Rotohog Baseball is a fantasy baseball game with free entry, large prizes, and a unique “stock exchange” trading mechanism. Thousands of players compete in a global contest to see who can accumulate the most points. Like some “salary cap” baseball games, Rotohog gives you the opportunity to turn over your entire roster every day, greatly increasing the importance of taking factors such as opponent and park into account when determining your lineup.
When Rotohog first launched in early 2007, one of its main selling points was its unique ‘stock market’ trading mechanism. A great deal was made of the fact that the pricing algorithms had been designed by Kent Smetters, a University of Pennsylvania professor of economics, who was one of the founders of Rotohog.
During the 2007 season, building up roster value through active trading was one of the keys to success at Rotohog Baseball. From a starting roster value of $300, the top teams all spent the bulk of the season above $700, and most of them consistently had the $900 or more that they needed to acquire whatever players they wanted without any limitations. The greatest key to success was having a lotof free time, and being at the computer to instantly sell players within seconds of games starting. This led to most players not really having any chance to be competitive, and ultimately led Rotohog to adjust the rules to reduce the importance of roster value the following season.
In 2008, Rotohog used a system of transaction fees tied to roster value to limit how much Rotohog money players would be able to accumulate while actively maintaining their roster. The transaction fees escalated sharply as a team’s roster value increased past various thresholds from $350 (where fees went from $.10 to $.75) up to $450 (where fees went from $2.50 to $4.50).
I knew that my edge over the competition would come from making superior decisions about which daily match-ups to exploit, which meant that I would need to turn over most of my roster each day. That virtually guaranteed that I would be stuck at $350 or below for the entire season. Luckily, I also knew that my opponents would sometimes need to trade players to ensure that they used their entire 162 game allotment at each position. With the extremely high transaction fees I was confident that no contenders would be able to maintain a roster value above $450. I felt that actively playing match-ups with a $350 team, I would probably be able to outperform anyone employing a “buy and hold” strategy using a $450 team. It turned out that I never had to determine if that was true, because none of the top teams managed to stay above $400 for long. In fact, most of us spent almost the entire season between about $330 and $380. The escalating transaction fees had virtually eliminated the stock market trading as a key part of success in the game. I completely ignored roster value for the entire season, planning my transactions entirely to maximize scoring each day, and didn’t suffer at all for it. My ability to do that was dependent on having a schedule compatible with Rotohog’s trading floor hours though. I know several skilled players who were not able to trade until shortly before games began each day, and instead of their roster almost magically hovering around $350 for the whole season (as mine did), they often found themselves at the minimum salary of $250, which made fielding a competitive team almost impossible.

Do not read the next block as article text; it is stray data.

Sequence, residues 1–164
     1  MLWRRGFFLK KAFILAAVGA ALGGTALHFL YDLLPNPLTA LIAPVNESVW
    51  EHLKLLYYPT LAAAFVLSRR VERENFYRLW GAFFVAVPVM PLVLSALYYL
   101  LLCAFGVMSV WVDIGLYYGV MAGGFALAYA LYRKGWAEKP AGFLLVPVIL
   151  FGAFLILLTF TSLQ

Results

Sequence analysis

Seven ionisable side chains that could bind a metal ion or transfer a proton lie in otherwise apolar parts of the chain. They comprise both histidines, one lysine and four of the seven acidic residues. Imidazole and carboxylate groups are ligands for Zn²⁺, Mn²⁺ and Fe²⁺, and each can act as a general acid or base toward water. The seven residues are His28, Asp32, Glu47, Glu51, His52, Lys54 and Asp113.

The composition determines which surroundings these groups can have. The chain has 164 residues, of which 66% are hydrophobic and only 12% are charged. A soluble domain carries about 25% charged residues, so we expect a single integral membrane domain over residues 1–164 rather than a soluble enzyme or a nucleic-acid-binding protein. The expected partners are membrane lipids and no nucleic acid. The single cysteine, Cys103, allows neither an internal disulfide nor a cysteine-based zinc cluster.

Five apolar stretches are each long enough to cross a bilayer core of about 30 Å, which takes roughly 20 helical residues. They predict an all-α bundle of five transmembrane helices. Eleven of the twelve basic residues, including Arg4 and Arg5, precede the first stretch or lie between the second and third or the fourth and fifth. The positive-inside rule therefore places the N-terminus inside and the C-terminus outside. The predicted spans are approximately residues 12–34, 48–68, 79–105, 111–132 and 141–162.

Rotohog staff members have indicated that trading floor hours are likely to be one of the few areas of the game format that will be tweaked in 2009. Last year the trading floor didn’t open until noon Eastern. That was a really bad idea, since it meant that on the weekends, people had only a 50 minute window to be at the computer and make roster moves before their lineup would begin to lock in for the day. Rotohog will almost certainly have an earlier start to the trading day this year, or even allow very late night trading as they did in 2007. No matter what time they settle on, players who are able to make transactions shortly after the trading floor opens will have an advantage in maintaining a reasonable roster value. If you can’t generally make trades early in the trading day, you’ll need to start sacrificing some of your daily match-ups in order to avoid always buying your players at their most expensive and selling them at their cheapest. The key to this is not to have players in your lineup the day before their team has an off day (when you’ll get stuck holding them as their price drops), and to try to buy your starting pitchers several days ahead of time to avoid paying peak price.
Note that most of what I’ve discussed here will be affected by whether Rotohog changes the transaction fees to escalate more gradually and whether they still have a five day ‘holding period’ for starting pitchers. We won’t know for sure what adjustments they’ll make until their official launch date on February 23rd, so for now I’m assuming that there won’t be any changes.